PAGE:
Note: UCR Core Competencies are categorized into two different proficiency levels: Mastery and Operational. For example, for a management position the individual needs to demonstrate mastery level communication skills while a maintenance position will only require operational level communication skills. For sample behavioral indicators please visit UCR Core Competency Behavioral Indicators.
  6. Select Interview Questions — Read each question and the corresponding behavioral indicators carefully. Select the most relevant questions to the job.

    For example, to identify candidate’s skills in Job Mastery and Continuous Learning, you may ask the candidate to “describe how in the past two years you have demonstrated your dedication to continuous learning and self-improvement.” (From Job Mastery and Continuous Learning Behavioral Interview Questions)

    Note: Ensure to only ask questions listed on UCR Sample Interview Questions.

    For a copy of interview questions along with the behavioral indicators specific to each question please contact the Principal Employment Analyst.
  7. Assemble Interview Questions — Prior to the interview put together a series of questions selected from the UCR Competency Model Sample Interview Questions.
  8. Conduct Interview — During the interview make note of the behavioral indicator responses of the candidate. Evaluate and score candidate’s responses according to the behavioral indicators provided in the competency model using one of the two Behavioral Interview Rating Sheets. If you have selected multiple questions in a competency category, calculate the average score and input the score into the Behavioral Interview Rating Sheet.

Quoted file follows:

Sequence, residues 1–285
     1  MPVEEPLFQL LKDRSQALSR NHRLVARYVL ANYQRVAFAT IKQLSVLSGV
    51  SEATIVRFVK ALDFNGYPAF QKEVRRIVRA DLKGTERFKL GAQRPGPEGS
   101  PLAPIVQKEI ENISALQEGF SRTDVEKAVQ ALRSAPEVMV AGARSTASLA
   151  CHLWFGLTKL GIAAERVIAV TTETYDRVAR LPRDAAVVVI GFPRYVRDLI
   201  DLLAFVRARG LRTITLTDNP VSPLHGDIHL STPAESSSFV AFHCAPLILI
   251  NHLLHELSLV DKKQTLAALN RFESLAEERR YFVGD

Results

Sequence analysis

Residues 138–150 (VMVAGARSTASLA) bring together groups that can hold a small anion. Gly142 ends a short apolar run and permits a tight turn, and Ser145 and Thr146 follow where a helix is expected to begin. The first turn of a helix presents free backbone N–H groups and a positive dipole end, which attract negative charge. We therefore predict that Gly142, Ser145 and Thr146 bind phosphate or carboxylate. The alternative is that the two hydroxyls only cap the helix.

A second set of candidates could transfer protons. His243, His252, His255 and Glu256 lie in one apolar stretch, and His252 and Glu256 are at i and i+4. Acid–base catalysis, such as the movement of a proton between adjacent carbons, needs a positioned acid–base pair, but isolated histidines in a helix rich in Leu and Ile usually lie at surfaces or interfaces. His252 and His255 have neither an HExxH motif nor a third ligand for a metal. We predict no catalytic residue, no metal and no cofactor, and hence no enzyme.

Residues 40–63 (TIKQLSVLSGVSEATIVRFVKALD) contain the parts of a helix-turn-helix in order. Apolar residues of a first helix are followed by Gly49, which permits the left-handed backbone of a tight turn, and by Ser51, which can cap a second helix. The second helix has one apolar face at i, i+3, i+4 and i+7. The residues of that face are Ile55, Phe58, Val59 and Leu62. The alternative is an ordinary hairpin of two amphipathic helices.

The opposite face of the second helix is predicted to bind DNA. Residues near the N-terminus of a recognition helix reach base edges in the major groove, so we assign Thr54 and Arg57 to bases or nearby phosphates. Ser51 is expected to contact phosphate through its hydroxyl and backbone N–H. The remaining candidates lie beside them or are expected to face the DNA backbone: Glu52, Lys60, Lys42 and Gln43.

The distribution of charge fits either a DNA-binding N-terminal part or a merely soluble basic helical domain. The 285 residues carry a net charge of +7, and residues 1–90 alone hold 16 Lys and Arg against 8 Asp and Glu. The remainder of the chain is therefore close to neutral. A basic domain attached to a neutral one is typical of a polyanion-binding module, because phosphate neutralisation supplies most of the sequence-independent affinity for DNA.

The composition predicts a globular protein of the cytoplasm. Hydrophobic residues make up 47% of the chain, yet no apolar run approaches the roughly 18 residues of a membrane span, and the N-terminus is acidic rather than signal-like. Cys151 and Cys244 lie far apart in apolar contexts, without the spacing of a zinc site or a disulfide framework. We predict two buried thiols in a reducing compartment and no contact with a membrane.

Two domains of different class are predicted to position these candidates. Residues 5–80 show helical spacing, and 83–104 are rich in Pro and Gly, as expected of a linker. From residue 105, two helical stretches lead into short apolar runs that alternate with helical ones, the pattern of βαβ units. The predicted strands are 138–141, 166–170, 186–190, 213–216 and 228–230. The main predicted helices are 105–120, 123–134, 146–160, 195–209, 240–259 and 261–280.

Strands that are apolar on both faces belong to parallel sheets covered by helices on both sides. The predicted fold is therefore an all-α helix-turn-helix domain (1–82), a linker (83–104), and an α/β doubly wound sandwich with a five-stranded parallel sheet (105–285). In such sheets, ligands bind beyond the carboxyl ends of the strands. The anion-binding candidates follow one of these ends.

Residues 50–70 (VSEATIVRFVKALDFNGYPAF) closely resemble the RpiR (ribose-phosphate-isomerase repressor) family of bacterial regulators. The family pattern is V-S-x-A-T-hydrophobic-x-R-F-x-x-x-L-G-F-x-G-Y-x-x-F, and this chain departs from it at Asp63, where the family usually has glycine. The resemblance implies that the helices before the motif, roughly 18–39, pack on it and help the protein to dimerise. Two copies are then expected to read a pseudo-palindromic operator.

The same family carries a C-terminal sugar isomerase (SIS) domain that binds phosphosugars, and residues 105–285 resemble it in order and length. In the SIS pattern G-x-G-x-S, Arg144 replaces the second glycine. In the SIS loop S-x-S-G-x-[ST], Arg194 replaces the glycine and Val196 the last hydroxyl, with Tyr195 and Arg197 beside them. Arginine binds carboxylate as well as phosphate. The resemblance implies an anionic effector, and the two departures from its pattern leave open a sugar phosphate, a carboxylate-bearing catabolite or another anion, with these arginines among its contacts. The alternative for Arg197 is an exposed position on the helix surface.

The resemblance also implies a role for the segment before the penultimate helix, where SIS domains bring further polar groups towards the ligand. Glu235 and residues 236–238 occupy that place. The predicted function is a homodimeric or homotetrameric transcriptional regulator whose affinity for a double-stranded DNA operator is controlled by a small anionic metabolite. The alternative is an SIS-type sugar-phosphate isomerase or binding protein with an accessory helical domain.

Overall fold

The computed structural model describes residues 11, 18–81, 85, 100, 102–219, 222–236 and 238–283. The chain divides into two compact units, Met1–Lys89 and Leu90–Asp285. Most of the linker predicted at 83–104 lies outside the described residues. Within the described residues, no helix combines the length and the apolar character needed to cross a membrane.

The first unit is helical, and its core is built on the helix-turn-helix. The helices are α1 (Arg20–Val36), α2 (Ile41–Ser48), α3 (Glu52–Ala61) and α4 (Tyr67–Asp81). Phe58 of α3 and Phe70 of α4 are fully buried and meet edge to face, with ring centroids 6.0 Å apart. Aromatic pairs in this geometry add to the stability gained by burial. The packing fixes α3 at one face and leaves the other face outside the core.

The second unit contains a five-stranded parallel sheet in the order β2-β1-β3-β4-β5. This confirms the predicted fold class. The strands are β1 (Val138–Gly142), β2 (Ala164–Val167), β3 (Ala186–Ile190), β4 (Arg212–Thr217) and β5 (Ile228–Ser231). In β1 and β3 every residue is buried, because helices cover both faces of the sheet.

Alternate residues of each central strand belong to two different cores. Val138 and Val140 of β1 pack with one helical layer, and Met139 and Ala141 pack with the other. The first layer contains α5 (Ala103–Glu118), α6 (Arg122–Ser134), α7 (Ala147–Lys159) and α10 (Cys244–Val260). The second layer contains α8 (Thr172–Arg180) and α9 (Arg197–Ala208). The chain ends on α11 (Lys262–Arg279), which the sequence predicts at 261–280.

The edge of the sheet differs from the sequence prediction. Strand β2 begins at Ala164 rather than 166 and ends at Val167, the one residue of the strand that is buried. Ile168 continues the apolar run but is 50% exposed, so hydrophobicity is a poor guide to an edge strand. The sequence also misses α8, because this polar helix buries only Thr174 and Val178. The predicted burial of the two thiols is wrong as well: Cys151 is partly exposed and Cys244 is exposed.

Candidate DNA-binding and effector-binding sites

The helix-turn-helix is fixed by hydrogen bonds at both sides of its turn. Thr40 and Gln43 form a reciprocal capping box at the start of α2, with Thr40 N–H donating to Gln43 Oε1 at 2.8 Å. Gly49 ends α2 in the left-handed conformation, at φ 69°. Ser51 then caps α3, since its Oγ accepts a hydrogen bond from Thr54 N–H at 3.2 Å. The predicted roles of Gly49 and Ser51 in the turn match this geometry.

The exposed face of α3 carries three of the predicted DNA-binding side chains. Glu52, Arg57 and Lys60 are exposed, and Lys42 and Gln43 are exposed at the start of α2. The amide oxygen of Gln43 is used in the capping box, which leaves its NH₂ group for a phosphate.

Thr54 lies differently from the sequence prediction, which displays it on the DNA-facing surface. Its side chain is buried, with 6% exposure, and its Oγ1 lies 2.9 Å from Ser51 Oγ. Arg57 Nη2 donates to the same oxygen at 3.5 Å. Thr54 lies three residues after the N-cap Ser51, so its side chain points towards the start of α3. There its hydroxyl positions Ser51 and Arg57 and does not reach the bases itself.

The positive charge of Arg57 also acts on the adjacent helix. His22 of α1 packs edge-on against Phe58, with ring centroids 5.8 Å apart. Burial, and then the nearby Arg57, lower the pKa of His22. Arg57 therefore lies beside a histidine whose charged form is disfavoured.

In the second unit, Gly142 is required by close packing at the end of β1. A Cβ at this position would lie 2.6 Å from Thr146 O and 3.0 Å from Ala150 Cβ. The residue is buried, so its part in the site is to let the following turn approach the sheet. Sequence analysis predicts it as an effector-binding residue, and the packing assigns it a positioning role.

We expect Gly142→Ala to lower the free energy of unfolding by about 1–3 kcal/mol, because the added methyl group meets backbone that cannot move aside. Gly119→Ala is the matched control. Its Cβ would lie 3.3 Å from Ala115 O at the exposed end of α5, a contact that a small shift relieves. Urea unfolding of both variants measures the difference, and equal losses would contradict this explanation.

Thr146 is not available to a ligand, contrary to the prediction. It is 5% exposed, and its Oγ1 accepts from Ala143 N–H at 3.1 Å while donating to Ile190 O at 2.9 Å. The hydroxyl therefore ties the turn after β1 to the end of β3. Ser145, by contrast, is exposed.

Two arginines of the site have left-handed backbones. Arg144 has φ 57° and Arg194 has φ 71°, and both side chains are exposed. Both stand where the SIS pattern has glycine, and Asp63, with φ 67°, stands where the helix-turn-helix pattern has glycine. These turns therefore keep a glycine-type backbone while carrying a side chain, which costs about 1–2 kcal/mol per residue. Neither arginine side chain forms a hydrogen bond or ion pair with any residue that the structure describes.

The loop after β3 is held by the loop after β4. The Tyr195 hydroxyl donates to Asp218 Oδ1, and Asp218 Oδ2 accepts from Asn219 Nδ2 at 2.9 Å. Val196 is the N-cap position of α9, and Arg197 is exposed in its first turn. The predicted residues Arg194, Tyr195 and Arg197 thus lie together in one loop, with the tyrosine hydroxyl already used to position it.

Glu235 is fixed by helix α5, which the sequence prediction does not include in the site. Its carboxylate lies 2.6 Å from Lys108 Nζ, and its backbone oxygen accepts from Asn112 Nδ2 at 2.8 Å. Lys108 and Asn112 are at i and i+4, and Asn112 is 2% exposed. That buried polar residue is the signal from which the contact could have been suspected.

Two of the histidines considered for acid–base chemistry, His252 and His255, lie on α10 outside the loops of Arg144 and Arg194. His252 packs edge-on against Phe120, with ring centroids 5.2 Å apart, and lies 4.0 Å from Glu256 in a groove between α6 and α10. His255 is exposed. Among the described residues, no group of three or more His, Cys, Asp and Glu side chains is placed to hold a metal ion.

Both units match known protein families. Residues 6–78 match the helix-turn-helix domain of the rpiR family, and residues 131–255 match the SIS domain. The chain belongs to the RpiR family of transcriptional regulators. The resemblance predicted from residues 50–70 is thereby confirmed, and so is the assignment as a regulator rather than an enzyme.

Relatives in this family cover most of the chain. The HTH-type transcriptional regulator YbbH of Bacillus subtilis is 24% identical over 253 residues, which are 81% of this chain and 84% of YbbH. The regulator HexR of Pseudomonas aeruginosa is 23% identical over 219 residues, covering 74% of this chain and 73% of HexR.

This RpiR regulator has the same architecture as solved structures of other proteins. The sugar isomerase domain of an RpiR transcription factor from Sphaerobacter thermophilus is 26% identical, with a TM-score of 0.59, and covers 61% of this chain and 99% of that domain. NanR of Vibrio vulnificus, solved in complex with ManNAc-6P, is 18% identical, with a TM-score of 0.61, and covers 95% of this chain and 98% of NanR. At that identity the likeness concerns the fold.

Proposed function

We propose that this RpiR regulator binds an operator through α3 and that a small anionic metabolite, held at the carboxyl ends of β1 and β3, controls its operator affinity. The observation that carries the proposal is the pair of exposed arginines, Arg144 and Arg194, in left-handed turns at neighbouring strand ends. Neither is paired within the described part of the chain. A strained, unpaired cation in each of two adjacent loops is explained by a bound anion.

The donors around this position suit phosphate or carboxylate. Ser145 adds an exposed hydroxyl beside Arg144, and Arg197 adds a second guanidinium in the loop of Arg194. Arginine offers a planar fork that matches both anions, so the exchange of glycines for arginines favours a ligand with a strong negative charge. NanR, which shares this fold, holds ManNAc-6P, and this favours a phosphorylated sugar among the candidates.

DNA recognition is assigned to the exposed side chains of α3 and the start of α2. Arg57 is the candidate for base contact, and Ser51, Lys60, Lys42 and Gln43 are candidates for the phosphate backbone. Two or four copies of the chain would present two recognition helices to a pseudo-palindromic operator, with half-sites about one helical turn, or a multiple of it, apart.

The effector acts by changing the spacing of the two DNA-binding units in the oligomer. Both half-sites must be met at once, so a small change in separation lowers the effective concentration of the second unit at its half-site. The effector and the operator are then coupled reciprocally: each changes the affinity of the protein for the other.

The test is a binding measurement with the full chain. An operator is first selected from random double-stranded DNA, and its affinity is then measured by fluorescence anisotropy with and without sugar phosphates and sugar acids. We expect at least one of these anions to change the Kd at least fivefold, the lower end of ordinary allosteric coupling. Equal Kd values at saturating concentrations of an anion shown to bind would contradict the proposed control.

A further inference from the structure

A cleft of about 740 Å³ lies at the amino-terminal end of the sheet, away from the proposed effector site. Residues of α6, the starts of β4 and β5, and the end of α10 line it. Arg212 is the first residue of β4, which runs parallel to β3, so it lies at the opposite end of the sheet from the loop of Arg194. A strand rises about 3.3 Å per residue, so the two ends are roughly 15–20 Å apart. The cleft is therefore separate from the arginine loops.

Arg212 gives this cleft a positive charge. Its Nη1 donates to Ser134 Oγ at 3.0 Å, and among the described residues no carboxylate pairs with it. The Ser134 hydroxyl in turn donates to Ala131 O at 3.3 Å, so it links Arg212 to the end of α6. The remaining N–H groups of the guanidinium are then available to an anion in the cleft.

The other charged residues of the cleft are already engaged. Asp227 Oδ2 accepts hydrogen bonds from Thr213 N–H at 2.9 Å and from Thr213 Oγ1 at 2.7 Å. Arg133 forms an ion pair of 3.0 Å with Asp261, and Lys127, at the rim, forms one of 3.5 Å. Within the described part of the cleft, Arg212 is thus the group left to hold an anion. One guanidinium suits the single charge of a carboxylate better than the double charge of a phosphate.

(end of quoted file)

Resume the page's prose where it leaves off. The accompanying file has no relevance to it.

Note: if the competencies you have identified are equally important, you may select either the Behavioral Interview Rating Sheet or the Behavioral Interview Weighted Sheet. If some competencies are more essential than others, use Behavioral Interview Weighted Sheet.

Using Core Competencies in Performance Management

Performance is defined as the outcomes of employees’ behavior on the job.

Literature defines performance management as “continuous process of identifying, measuring, and developing the performance of individuals and teams and aligning performance with the strategic goals of the organization.” It examines job outcomes and how they were achieved.

An effective performance management system will help improve the overall organizational performance by improving individual performance through aligning individual goals with organizational goals.


Competency-based performance management shifts the emphasis of performance appraisal from organization results achieved by employee to employee behavior and competencies demonstrated to achieve the results.

Literature shows that an increased use of “Core Competencies” in performance management by high performance organizations has helped them become more effective by enhancing their ability to better translate corporate values and goals into meaningful objectives.

Competency based performance management allows managers to focus on aspects that lead to superior performance. It assists managers in distinguishing between high and low performers based on employees’ personal competencies and to support employees in improving their competitiveness by monitoring and evaluating their performance and providing them with feedback and coaching.

How to Employ the UCR Core Competencies into the Performance Management Process

When employing competency-based performance management managers must ensure they follow proper strategies in order for their efforts to be successful. The following is a guideline to assist managers in employing effective performance management: